Girl Scouts

Marina Park

Girls and Families

Editors’ Note

Marina Park joined Girl Scouts of Northern California as CEO in November of 2007. After attending law school at the University of Michigan, Park launched her impressive career journey, spanning the
spectrum from impassioned community organizer and VISTA volunteer (just before law school) to Managing Partner at Pillsbury Winthrop Shaw Pittman LLP – the nation’s first major woman-led law firm as firm-wide Managing Partner. In recognition of her outstanding business acumen and innovative leadership, in 2006, 2008, 2009, 2010, 2011, the San Francisco Business Times honored Park with the Most Influential Women In Business Award, and in 2015 recognized her as a “Most Admired CEO.”

Girls Scouts of Northern California

Looking back to 2007 when you joined Girl Scouts of Northern California, what excited you about the opportunity and what makes it so special?

When I joined, I had been at my law firm for almost 25 years, and throughout that time, I had a commitment to working with all of our attorneys to help them develop in their careers, and I had a particular focus on women attorneys.

I saw many amazing young women who had done incredibly well in school but, within three or four years into their careers, I could see that their confidence was shaken. I knew that it had been more challenging for me to figure out how to lean in and get opportunities than it was for my male colleagues, and I wanted to understand the reasons for that.

I had been thinking about the need to help women develop courage and confidence and willingness to take risks at younger ages. I saw these attributes as essential ingredients for women leaders.

In 2007, as my Managing Partner term came to an end, I happened to be volunteering at Girl Scout Camp CEO, where women executives mentor high-school age girls from under-resourced schools.

At Camp CEO, I learned that five Northern California Girl Scout councils were merging and they needed a CEO who had experience in mergers, and who was passionate about the Girl Scout mission – to build girls of courage, confidence, and character who make the world a better place. I looked into what Girl Scouts was doing around leadership and realized they were building into their program exactly what I felt women needed. I noted that the Girl Scout leadership program had many parallels to the Leadership Project that McKinsey & Company published around the same time, highlighting actions that corporations should be taking to help women develop as leaders.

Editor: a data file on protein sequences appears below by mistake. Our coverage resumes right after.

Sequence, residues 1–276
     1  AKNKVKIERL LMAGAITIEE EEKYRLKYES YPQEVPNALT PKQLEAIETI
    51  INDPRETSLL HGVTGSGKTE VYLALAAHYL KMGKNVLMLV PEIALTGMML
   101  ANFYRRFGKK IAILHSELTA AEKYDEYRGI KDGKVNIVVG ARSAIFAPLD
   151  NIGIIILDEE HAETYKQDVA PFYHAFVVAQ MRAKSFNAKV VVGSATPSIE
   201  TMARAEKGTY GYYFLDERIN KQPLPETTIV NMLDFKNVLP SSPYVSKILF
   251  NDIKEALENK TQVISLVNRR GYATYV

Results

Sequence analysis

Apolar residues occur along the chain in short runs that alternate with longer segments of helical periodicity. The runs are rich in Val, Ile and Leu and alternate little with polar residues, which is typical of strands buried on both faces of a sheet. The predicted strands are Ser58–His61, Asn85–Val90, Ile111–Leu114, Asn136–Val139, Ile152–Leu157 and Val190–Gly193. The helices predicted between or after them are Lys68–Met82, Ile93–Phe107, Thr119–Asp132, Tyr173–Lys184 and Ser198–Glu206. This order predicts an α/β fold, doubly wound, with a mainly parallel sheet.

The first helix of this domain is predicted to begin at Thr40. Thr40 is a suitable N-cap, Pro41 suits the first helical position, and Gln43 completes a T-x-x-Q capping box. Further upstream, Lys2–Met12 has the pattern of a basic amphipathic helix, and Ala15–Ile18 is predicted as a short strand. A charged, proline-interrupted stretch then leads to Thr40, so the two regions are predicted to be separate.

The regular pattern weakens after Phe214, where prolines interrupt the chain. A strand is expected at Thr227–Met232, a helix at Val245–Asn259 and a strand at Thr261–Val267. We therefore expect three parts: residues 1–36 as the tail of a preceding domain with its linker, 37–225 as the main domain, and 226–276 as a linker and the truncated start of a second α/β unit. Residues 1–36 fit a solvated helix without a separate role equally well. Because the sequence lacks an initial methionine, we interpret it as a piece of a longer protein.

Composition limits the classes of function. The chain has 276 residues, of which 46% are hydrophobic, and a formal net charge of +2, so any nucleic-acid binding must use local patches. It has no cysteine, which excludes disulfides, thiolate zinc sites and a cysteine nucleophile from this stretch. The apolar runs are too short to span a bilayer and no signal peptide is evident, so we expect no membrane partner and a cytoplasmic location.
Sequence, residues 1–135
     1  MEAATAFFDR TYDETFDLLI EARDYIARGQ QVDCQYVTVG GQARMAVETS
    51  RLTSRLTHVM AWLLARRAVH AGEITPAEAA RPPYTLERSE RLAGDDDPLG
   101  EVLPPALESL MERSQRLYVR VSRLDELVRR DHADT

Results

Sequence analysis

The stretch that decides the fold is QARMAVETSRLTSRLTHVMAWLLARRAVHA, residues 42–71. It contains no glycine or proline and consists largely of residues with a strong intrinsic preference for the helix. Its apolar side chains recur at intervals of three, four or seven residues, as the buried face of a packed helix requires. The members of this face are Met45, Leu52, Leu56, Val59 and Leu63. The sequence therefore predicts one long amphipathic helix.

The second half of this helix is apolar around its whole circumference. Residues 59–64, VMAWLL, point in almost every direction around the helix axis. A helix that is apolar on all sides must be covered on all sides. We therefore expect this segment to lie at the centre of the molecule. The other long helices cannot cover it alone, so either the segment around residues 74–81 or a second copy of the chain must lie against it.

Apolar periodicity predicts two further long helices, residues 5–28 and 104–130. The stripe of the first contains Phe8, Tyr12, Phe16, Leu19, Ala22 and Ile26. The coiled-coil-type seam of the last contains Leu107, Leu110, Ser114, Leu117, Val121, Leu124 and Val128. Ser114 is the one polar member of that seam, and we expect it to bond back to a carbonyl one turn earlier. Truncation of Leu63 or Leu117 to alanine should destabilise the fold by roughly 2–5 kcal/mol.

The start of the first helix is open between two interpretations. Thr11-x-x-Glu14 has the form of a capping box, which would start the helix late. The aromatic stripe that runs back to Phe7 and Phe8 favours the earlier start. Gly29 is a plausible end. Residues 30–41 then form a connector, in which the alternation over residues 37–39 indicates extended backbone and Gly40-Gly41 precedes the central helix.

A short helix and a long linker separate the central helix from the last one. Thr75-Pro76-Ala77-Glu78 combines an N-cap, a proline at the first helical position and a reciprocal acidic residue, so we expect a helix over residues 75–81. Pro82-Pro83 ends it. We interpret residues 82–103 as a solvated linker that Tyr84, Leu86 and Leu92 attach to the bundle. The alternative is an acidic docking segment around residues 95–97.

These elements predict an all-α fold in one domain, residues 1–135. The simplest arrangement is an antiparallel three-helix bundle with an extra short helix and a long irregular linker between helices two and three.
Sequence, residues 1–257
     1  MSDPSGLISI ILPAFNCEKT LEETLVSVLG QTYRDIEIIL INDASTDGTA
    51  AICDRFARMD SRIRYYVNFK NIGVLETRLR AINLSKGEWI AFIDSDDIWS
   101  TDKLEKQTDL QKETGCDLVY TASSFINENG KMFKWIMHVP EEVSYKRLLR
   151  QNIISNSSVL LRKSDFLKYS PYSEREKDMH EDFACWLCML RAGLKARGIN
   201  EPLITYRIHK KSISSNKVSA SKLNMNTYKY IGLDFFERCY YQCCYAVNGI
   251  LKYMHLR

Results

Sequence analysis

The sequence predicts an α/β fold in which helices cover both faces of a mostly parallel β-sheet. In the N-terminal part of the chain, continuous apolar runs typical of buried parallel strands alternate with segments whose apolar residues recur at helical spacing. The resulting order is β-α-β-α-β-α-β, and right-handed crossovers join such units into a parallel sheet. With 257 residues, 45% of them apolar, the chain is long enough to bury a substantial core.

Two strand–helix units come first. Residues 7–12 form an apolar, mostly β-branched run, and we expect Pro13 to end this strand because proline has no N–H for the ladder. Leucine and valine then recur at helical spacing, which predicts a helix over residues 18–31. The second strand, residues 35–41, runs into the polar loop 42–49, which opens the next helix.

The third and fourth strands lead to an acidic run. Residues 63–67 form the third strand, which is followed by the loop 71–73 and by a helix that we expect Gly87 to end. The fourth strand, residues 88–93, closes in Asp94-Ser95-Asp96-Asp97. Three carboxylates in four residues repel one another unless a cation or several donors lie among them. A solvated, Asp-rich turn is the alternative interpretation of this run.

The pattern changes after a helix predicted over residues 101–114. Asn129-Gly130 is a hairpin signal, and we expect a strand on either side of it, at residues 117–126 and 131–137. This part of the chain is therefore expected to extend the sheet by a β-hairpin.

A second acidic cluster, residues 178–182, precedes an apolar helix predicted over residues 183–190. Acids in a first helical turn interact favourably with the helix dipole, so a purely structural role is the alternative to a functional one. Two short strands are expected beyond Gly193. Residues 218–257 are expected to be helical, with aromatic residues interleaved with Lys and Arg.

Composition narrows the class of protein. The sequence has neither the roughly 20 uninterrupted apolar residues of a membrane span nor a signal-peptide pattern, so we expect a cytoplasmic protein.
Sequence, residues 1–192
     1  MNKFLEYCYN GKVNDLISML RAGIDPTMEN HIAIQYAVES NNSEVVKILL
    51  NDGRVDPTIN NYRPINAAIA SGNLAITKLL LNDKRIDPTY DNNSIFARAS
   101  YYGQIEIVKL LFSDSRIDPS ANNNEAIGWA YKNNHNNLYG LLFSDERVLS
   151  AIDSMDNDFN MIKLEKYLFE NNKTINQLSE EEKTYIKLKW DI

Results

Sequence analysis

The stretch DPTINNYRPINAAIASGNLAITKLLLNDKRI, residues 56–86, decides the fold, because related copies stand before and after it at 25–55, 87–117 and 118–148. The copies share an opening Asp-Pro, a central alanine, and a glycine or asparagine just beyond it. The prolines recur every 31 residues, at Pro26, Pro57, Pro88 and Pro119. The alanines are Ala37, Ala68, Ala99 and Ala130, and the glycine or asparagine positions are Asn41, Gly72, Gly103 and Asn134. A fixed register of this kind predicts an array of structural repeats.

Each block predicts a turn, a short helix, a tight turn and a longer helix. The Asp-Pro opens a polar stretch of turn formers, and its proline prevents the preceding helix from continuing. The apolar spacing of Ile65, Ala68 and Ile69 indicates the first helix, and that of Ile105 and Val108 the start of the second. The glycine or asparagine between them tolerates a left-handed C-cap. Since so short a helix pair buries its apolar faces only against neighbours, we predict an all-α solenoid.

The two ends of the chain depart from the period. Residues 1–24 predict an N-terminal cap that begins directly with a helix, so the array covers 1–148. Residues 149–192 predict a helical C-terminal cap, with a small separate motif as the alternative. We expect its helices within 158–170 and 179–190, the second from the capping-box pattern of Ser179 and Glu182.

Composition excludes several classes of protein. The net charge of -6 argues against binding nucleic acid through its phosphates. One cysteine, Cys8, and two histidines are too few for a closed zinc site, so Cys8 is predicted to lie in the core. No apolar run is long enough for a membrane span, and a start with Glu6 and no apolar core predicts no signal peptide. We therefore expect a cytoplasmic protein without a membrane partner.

Girl Scouts Career Exploration

What really propelled me to join Girl Scouts as a CEO was the concept of starting in kindergarten to help build a pipeline of women who are equipped with the courage and confidence to become whatever they are destined to become. That is the passion that brought me to Girl Scouts.

How do you focus on maintaining the heritage of Girl Scouts while making sure the programming is relevant today?

One of the first things I started talking about when I came to Girl Scouts is that we draw strength from our past and give energy to our future.

The foundation we stand on in Girl Scouts is important. We have generations of Girl Scouts who are giving back and volunteering – it’s an incredibly important part of who we are – but our energy needs to go into the future, and we need to always be looking ahead. What do girls need today to be ready for what is around the corner for them, and what skills do they need? How can we equip girls, and continually work with our many layers of historic knowledge and experience in Girl Scouts, to make sure we’re also bringing forward our volunteers to be able to deliver that to girls?

We draw a lot of strength from our history and legacy, but our commitment is to our girls and looking forward to what they need.

Where do you see growth opportunities in Northern California for Girl Scouts and how important is it that it be diverse?

Right now the majority of girls in grades K-12 are diverse, so when we define who our future membership is, we have to make sure it looks like Northern California in all its diversity.

We also think it is important that we recognize that there are many common elements to what parents desire for their daughters. They want their daughters to learn new skills, become risk-takers and challenge-seekers, and they want opportunities to spend more time with their girls.

We think Girl Scouts can connect with what today’s parents are looking for, and our focus is on making these things happen for girls and their families.

Girls across all classes and races have similar things they’re looking for, too – they want fun, friendship, and adventure. Our challenge is to find the intersection between what girls want and what parents want, and deliver it in an affordable way.

Is it important to engage the parents as well and are you looking at working with the whole family?

It’s important to engage the full family. We see family experiences as a shifting focus, certainly within Northern California. I am hearing it from many of my counterparts in other Girl Scout councils as well. Families are so busy, kids are pulled in so many directions, and even technology is a distraction. We’re hearing that families are looking for a place where they’re disconnected from technology and are doing things and learning together.

It’s interesting to see that some of our most popular programs the past few years have been family camps and “side-by-side” learning opportunities – where parents, caregivers, and girls learn new skills together.

We love being able to create that experience for our Girl Scouts and their families.